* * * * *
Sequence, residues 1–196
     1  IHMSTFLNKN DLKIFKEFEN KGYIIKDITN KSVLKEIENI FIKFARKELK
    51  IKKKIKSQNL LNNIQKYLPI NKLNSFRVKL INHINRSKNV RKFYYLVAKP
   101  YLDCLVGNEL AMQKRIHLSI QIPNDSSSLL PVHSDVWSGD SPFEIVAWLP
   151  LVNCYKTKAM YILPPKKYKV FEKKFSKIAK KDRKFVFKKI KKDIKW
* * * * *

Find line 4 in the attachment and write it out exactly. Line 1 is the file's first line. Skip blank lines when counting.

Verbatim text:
   101  YLDCLVGNEL AMQKRIHLSI QIPNDSSSLL PVHSDVWSGD SPFEIVAWLP